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September 2nd, 2008

Story : A Sandpiper To Bring You Joy

A sandpiper to bring You Joy

A Sandpiper to Bring You Joy

She was six years old when I first met her on the beach near where I live. I drive to this beach, a distance of three or four miles, whenever the world begins to close in on me. She was building a sand castle or something and looked up, her eyes blue as the sea.

“Hello,” she said. I answered with a nod, not really in the mood to bother with a small child.

“I’m building,” she said.

“I see that. What is it?” I asked, not caring.

“Oh I don’t know, I just like the feel of the sand.”

That sounds good, I thought, and slipped off my shoes. A sandpiper glided by.

“That’s a joy,” the child said.

“It’s what?”

“It’s a joy. My mama says sandpipers come to bring us joy.”

The bird went on down the beach. “Good-bye joy,” I muttered to myself, “hello pain,” and turned to walk on. I was depressed; my life seemed completely out of balance.

“What’s your name?” She wouldn’t give up.

“Ruth,” I answered. “I’m Ruth Peterson.”

“Mine’s Wendy,… and I’m six.”

“Hi, Wendy.”

She giggled. “You’re funny,” she said.

In spite of my gloom I laughed too and walked on.

Her musical giggle followed me. “Come again, Mrs. P,” she called. “We’ll have another happy day.”

The days and weeks that followed belonged to others: a group of unruly BoyScouts, PTA meetings, an ailing mother. The sun was shining one morning as I took my hands out of the dishwater.

“I need a sandpiper,” I said to myself, gathering up my coat. The never-changing balm of the seashore awaited me. The breeze was chilly, but I strode along, trying to recapture the serenity I needed. I had forgotten the child and was startled when she appeared.

“Hello, Mrs. P,” she said. “Do you want to play?”

“What did you have in mind?” I asked, with a twinge of annoyance.

“I don’t know, you say.”

“How about charades?” I asked sarcastically.

The tinkling laughter burst forth again. “I don’t know what that is.”

“Then let’s just walk.” Looking at her, I noticed the delicate fairness of her face.

“Where do you live?” I asked.

“Over there.” She pointed toward a row of summer cottages. Strange, I thought, in winter.

“Where do you go to school?”

“I don’t go to school. Mommy says we’re on vacation.”

She chattered little girl talk as we strolled up the beach, but my mind was on other things. When I left for home, Wendy said it had been a happy day. Feeling surprisingly better, I smiled at her and agreed.

Three weeks later, I rushed to my beach in a state of near panic. I was in no mood even to greet Wendy. I thought I saw her mother on the porch and felt like demanding she keep her child at home.

“Look, if you don’t mind,” I said crossly when Wendy caught up with me,”I’d rather be alone today.”

She seemed unusually pale and out of breath.

“Why?” she asked.

I turned on her and shouted, “Because my mother died!”-and thought, my God, why was I saying this to a little child?

“Oh,” she said quietly, “then this is a bad day.”

“Yes, and yesterday and the day before that and-oh, go away!”

“Did it hurt?”

“Did what hurt?” I was exasperated with her, with myself.

“When she died?”

“Of course it hurt!” I snapped, misunderstanding, wrapped up in myself. I strode off.

A month or so after that, when I next went to the beach, she wasn’t there. Feeling guilty, ashamed and admitting to myself I missed her, I went up to the cottage after my walk and knocked at the door. A drawn-looking young woman with honey-colored hair opened the door.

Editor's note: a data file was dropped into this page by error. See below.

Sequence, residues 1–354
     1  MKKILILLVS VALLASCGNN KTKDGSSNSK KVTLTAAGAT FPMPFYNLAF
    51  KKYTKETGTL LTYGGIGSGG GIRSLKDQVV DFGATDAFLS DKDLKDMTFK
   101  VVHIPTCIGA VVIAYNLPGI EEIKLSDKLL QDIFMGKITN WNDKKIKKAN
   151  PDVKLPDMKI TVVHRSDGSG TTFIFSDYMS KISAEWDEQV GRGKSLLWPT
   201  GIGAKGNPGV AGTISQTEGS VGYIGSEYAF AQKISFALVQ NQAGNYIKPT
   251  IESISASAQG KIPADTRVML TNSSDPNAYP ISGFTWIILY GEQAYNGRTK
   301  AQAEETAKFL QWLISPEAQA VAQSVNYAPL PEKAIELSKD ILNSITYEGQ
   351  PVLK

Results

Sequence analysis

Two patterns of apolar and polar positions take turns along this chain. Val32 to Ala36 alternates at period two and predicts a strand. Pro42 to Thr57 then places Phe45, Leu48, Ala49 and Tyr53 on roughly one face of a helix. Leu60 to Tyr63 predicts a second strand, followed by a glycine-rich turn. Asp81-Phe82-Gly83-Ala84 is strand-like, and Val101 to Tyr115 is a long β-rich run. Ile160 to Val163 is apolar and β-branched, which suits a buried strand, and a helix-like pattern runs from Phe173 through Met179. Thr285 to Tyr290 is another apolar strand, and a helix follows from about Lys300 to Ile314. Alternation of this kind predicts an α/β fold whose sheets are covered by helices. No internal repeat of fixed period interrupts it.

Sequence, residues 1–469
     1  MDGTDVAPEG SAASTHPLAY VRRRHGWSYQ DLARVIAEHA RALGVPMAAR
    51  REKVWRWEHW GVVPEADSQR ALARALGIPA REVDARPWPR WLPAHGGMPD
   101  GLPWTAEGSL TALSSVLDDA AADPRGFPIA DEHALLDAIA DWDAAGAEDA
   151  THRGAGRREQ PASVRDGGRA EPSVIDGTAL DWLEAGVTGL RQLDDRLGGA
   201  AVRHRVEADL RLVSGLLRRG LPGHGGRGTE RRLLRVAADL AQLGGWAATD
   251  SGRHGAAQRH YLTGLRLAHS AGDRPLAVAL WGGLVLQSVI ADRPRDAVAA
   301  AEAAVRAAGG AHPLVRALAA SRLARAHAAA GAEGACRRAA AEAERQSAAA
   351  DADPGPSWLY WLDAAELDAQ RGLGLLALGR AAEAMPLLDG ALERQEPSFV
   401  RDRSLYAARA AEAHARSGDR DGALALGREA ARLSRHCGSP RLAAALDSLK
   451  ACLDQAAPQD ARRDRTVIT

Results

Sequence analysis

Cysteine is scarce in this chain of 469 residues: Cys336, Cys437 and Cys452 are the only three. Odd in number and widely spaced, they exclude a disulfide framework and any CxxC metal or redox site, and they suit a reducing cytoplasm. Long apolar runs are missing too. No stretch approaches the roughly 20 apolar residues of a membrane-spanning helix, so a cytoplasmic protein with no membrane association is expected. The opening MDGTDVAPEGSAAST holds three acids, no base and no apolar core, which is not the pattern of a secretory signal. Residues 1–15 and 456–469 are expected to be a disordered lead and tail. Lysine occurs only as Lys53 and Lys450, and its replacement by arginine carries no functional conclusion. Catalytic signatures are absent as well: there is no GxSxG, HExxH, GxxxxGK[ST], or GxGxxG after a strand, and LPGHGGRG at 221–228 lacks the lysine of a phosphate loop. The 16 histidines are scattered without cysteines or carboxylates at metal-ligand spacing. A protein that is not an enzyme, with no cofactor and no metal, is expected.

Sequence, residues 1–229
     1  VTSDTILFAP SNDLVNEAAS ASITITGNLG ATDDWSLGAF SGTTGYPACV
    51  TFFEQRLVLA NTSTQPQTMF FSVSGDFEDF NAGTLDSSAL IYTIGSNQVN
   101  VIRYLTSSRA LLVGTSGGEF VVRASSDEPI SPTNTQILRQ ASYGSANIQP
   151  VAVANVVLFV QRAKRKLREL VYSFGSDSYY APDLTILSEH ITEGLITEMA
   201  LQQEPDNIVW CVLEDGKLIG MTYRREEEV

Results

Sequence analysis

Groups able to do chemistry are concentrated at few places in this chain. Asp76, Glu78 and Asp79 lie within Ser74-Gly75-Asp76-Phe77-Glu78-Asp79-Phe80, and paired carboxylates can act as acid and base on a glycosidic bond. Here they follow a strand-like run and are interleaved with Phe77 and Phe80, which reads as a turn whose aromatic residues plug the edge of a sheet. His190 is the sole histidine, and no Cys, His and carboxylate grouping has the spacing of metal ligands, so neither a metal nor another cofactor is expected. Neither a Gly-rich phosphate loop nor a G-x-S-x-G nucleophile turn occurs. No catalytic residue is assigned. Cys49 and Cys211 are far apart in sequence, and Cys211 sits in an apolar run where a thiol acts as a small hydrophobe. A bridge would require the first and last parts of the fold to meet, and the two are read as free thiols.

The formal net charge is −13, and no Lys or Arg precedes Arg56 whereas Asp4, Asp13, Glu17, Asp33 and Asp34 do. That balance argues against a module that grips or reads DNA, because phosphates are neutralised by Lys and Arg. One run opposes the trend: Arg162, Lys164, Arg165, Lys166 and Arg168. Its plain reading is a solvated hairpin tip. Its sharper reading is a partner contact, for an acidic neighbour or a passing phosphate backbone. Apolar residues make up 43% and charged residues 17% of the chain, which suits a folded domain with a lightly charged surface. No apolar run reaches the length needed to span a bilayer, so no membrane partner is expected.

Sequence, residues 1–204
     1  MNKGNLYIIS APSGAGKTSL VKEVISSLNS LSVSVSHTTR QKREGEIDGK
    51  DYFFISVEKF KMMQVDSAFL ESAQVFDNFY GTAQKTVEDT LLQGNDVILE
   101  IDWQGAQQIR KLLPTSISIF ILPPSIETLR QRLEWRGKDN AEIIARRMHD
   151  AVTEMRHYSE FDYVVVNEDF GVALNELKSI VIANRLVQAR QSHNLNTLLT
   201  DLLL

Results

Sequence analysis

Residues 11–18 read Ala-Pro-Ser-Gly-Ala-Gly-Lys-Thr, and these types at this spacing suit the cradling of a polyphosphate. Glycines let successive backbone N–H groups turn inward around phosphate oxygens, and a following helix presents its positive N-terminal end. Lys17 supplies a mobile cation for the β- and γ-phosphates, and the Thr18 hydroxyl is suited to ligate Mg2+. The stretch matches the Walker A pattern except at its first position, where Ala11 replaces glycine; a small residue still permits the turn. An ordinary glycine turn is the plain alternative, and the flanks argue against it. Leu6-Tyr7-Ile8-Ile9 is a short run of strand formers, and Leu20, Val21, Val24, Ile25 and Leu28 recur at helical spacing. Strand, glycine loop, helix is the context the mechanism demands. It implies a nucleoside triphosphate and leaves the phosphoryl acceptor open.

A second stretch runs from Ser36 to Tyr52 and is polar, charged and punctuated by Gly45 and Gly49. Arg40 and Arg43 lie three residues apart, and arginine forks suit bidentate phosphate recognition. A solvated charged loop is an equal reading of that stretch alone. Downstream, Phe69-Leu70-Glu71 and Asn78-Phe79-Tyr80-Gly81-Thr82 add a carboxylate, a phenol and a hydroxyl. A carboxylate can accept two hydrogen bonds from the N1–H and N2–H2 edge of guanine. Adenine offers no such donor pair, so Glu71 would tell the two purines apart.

“Hello,” I said. “I’m Ruth Peterson. I missed your little girl today and wondered where she was.”

“Oh yes, Mrs. Peterson, please come in.” “Wendy talked of you so much. I’m afraid I allowed her to bother you. If she was a nuisance, please accept my apologies.”

“Not at all-she’s a delightful child,” I said, suddenly realizing that I meant it. “Where is she?”

“Wendy died last week, Mrs. Peterson. She had leukemia. Maybe she didn’t tell you.”

Struck dumb, I groped for a chair. My breath caught.

“She loved this beach; so when she asked to come, we couldn’t say no. She seemed so much better here and had a lot of what she called ‘Happy Days.’ But the last few weeks, she declined rapidly….” Her voice faltered. “She left something for you…if only I can find it. Could you wait a moment while I look?”

I nodded stupidly, my mind racing for something, anything, to say to this lovely young woman.

She handed me a smeared envelope, with MRS. P printed in bold, childish letters. Inside was a drawing in bright crayon hues-a yellow beach, a blue sea, a brown bird. Underneath was carefully printed:

A SANDPIPER TO BRING YOU JOY

Tears welled up in my eyes, and a heart that had almost forgotten how to love opened wide. I took Wendy’s mother in my arms. “I’m sorry, I’m sorry, I’m so sorry,” I muttered over and over, and we wept together.

The precious little picture is framed now and hangs in my study. Six words-one for each year of her life-that speak to me of inner harmony, courage, undemanding love. A gift from a child with sea-blue eyes and hair the color of sand-who taught me the gift of love.

For the kingdom of God is not a matter of eating and drinking, but of righteousness, peace, and joy in the Holy Spirit. Anyone who serves Christ in this way is pleasing to God and approved by men. – Romans 14:17-18

September 2nd, 2008

Story : Why God Wants Us To Wait?

God, Why wait?

Wait – Why God wants us to wait?

Desperately, helplessly, longingly, I cried:
Quietly, patiently, lovingly God replied.
I pled and I wept for a clue to my fate,
And the Master so gently said, “Child, you must wait”.

“Wait? You say, wait! ” my indignant reply.
“Lord, I need answers, I need to know why!
Is your hand shortened? Or have you not heard?
By Faith, I have asked, and am claiming your Word.
My future and all to which I can relate